By Ali Watkins
McClatchy Washington Bureau
WASHINGTON — U.S. efforts to help rebuild Haiti after the devastating 2010 earthquake have been plagued by poor planning, delays and mistaken cost estimates that have forced many projects to be scaled back, the Government Accountability Office has concluded in a report released this month.
Of the $651 million Congress allocated for Haiti reconstruction to the U.S. Agency for International Development, only $204 million has been spent three years later. And much of that has gone to questionable use, the GAO found.
The GAO was especially critical of USAID’s largest reconstruction project, a $170.3 million undertaking that includes construction of a power plant, a port and an industrial park.
The GAO said Haiti is unlikely to be able to manage and maintain the project on its own once construction is completed. It also criticized the way the project had been planned, noting that the three facilities are interdependent, meaning delays in construction of one portion affects the usefulness of other completed sections.
USAID finished the first phase of the power plant’s construction under budget and in time to supply the industrial park’s first tenant with power. But construction of the port won’t begin for another two years, the report said.
In addition, the GAO said that according to initial construction estimates, the project will end up over budget, with USAID needing to find anywhere from $117 million to $189 million to complete it.
The GAO also said that USAID underestimated how much it would cost to build permanent housing for some of the estimated 2 million people made homeless by the quake, which killed an estimated 225,000 people. That means the agency has had to cut the number of homes it planned to produce by 85 percent and increase funding for such construction by 65 percent.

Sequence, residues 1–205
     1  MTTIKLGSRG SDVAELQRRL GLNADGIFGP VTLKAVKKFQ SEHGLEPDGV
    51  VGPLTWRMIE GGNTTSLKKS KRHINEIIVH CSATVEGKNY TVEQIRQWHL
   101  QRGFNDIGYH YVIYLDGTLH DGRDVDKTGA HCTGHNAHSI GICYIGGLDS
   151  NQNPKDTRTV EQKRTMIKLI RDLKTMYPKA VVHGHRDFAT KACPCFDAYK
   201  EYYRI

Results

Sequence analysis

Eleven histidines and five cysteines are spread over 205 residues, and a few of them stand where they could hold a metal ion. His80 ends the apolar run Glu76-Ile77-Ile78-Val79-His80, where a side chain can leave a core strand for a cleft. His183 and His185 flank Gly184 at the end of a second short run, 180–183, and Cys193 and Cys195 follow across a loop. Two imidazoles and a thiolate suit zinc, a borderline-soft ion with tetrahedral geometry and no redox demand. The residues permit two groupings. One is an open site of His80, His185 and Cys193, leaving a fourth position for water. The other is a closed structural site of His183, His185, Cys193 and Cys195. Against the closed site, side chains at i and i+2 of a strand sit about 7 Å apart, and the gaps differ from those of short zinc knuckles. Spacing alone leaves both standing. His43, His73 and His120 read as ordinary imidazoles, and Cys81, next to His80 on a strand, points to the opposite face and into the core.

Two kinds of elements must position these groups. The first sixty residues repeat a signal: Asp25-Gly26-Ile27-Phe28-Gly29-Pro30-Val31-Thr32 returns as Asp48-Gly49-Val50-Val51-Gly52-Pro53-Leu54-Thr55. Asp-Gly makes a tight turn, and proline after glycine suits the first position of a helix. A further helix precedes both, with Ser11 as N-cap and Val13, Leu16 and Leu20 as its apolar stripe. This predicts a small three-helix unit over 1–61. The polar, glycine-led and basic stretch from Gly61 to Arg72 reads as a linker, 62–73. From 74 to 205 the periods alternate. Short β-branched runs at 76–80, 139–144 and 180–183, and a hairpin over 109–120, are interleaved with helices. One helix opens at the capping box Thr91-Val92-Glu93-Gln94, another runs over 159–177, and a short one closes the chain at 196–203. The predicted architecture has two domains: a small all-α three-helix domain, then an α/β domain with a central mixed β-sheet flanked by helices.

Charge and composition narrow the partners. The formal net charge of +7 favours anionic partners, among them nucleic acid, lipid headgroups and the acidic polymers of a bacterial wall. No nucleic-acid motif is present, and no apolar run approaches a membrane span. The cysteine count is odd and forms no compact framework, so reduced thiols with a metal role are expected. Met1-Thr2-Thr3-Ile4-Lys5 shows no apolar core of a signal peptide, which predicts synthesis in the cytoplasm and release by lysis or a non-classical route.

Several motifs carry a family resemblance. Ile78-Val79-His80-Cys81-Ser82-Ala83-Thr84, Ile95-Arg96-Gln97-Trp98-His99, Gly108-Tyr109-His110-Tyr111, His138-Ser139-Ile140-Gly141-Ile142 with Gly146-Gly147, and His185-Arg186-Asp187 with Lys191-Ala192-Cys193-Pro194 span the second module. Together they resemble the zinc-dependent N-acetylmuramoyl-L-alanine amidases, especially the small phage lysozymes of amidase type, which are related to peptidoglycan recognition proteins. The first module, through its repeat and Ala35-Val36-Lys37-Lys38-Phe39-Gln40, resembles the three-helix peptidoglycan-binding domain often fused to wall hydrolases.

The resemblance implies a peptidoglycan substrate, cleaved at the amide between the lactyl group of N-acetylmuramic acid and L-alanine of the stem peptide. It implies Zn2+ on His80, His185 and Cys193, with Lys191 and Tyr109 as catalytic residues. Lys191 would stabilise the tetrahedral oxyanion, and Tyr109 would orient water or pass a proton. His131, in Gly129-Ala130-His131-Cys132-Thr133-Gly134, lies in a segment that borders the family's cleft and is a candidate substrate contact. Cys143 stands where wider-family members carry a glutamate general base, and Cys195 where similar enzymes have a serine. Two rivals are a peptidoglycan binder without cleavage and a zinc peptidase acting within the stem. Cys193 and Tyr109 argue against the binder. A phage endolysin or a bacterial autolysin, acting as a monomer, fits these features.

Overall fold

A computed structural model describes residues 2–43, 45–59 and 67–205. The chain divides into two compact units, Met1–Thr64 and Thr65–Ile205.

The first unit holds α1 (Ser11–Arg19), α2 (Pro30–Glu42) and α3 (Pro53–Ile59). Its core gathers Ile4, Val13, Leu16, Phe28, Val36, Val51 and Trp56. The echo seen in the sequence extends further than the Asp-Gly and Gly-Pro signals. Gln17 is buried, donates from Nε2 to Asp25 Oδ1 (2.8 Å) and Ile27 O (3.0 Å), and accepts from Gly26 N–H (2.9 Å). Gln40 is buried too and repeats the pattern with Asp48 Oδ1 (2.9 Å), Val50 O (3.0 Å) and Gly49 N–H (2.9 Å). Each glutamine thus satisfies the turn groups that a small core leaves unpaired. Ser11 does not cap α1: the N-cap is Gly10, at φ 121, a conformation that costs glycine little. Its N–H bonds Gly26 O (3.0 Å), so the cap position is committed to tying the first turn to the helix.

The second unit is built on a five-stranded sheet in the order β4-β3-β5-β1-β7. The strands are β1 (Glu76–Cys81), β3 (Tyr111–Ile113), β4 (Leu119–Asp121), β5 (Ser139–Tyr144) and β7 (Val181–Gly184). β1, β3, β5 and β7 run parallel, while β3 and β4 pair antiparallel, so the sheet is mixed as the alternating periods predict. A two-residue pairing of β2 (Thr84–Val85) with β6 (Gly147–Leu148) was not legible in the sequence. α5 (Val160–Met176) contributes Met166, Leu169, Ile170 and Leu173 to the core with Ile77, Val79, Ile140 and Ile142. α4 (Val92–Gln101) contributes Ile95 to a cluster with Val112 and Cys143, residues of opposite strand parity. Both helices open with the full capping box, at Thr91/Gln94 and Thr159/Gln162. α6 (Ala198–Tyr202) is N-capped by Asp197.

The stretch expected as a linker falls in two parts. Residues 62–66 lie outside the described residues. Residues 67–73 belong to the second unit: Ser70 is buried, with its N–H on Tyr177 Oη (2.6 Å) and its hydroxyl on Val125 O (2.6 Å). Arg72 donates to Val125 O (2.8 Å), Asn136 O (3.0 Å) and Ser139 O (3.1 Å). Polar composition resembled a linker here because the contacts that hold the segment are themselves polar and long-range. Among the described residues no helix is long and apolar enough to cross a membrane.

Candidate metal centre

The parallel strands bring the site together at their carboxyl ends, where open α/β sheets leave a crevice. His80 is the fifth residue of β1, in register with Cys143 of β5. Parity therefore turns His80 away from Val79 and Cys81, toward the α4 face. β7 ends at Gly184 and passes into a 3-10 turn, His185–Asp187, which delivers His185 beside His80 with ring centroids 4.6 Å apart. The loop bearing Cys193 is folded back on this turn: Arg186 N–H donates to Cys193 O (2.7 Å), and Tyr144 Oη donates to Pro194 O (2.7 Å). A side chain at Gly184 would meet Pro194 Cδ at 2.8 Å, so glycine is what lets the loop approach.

“The estimated number of beneficiaries was reduced from 75,000 to 90,000 to its current estimates of approximately 13,200 to 15,900,” the report said.
The GAO also criticized USAID’s congressionally mandated reports on its Haiti progress, saying they were often “incomplete and not timely.”
Beth Hogan, USAID’s senior deputy assistant administrator for Latin America and the Caribbean, said that officials would use the assessment to improve their efforts.
“Mid-point reviews such as this one are helpful to us to see how we can be more effective. It is important to bear in mind that the report is a snapshot of progress to date, and that work in housing, energy, port construction and other areas is ongoing,” she said in a statement.
Hogan said that $1.3 billion pledged to Haiti reconstruction efforts had been disbursed, but it was unclear to what that figure referred. Congress’ total appropriation for Haiti reconstruction in July 2010 was $1.14 billion.
The GAO recommended that Congress consider requiring regular reports from the State Department on USAID’s progress. It also recommended that USAID hire an engineer to oversee construction of the port and suggested the organization put community support programs in place for housing development projects.